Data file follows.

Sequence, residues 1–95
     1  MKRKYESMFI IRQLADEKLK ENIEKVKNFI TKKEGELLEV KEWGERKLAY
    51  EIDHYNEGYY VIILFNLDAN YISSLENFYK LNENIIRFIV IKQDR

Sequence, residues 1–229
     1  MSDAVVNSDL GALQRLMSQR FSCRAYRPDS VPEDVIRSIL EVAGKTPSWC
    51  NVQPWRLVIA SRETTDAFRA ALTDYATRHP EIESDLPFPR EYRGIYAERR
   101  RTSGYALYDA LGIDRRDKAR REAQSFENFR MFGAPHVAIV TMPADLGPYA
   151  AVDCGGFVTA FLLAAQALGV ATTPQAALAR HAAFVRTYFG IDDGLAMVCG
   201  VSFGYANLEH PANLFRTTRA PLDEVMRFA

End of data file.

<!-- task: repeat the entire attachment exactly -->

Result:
Sequence, residues 1–95
     1  MKRKYESMFI IRQLADEKLK ENIEKVKNFI TKKEGELLEV KEWGERKLAY
    51  EIDHYNEGYY VIILFNLDAN YISSLENFYK LNENIIRFIV IKQDR

Sequence, residues 1–229
     1  MSDAVVNSDL GALQRLMSQR FSCRAYRPDS VPEDVIRSIL EVAGKTPSWC
    51  NVQPWRLVIA SRETTDAFRA ALTDYATRHP EIESDLPFPR EYRGIYAERR
   101  RTSGYALYDA LGIDRRDKAR REAQSFENFR MFGAPHVAIV TMPADLGPYA
   151  AVDCGGFVTA FLLAAQALGV ATTPQAALAR HAAFVRTYFG IDDGLAMVCG
   201  VSFGYANLEH PANLFRTTRA PLDEVMRFA